I know people who devote time and effort to railroad history. They’re out at the museum doing unglamorous tasks, like scraping and repainting the rolling stock, or cataloging old paperwork. I am not one of those people. I like to leaf through old books on winter evenings, and read online stories of railroading’s past, and take bike rides along abandoned rights-of-way on sunny autumn afternoons. Last weekend, I spent time with people who actually work at historical things.

We gathered at a conference devoted to the history of the Buffalo & Susquehanna Railroad, which went bankrupt in 1910, and was merged into the Baltimore & Ohio in 1932. It was a fascinating railroad, built on profits from northern Pennsylvania logging operations, with dreams of becoming a coal and steel empire. Not many people outside the region have heard of it. In 1956, the B&O sold a surviving portion, which became the Wellsville, Addison & Galeton. The WAG had been the subject of conferences held in 2005 and 2009, both of which I attended. This conference served as a reunion of sorts; there were a lot of familiar faces in the room.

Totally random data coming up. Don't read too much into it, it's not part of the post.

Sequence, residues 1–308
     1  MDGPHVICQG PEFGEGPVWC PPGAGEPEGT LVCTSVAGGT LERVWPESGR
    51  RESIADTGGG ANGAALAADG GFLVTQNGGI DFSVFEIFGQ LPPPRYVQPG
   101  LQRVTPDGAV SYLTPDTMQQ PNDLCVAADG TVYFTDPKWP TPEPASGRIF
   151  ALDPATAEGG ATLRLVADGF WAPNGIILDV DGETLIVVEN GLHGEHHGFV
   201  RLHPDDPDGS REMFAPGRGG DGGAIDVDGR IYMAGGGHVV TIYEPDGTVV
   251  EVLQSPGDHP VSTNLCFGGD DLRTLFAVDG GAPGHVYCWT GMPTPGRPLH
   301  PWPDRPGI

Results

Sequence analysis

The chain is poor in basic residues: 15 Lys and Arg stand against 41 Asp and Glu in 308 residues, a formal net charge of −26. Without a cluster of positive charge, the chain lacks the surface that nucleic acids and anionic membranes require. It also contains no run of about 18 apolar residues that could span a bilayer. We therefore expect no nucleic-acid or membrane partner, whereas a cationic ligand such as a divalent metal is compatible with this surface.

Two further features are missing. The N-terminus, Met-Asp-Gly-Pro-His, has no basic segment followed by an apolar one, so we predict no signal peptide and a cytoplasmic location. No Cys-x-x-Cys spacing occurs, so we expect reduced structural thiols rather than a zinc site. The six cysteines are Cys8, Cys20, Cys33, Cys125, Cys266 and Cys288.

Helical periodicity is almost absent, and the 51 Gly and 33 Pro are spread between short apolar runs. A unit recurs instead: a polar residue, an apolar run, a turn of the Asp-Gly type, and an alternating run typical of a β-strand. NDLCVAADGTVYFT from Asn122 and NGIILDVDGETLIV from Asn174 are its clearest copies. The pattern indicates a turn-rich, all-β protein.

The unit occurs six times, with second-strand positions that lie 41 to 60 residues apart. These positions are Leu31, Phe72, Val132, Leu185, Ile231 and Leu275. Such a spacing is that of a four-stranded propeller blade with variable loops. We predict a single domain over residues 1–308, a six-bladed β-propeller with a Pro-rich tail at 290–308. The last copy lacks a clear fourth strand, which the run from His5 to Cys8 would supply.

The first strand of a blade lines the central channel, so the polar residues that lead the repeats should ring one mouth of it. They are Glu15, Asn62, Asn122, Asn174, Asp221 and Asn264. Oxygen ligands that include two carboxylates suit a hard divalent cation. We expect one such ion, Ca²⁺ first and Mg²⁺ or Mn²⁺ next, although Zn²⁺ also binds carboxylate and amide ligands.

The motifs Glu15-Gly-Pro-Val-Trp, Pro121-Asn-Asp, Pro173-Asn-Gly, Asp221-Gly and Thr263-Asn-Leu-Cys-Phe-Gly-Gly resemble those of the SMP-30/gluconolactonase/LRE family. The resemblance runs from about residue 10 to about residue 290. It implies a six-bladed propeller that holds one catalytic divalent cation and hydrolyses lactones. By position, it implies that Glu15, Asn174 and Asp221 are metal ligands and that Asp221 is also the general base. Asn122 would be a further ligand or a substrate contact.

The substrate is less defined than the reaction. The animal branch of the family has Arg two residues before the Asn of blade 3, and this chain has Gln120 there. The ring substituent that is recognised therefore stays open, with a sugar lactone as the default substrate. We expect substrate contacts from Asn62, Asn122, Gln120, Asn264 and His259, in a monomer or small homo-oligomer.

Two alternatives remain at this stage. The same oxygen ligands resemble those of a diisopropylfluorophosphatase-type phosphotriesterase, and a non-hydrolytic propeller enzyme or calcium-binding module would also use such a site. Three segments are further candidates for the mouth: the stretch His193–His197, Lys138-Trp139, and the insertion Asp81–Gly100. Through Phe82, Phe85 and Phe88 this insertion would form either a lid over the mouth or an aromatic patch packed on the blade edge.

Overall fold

The presentations were a pleasant surprise. I hadn’t expected so much new material. Like I said, they work at this, and it showed. There was a virtual tour of the southern end of the railroad, which didn’t receive much attention in the one book written about the B&S. There were presentations on the lumbering and coal-mining industries that provided much of the traffic. There was a discussion of the B&S’s short-lived haulage agreement with another troubled railroad, the Pittsburg, Shawmut & Northern. There were photos, and lots of them.

The conference organizers provided tables around the edge of the room, for people with artifacts, models, literature, and photos to display. I brought my Gopher Valley Central along, but didn’t really run it much. The track was in need of cleaning, and I preferred to spend my time chatting. No matter. I have plenty of other opportunities to run trains for people.

I came away from the conference knowing a lot more about one of my favorite railroads. Will any of this find its way into my modelling activities? Maybe. But I like having that broader context to work in.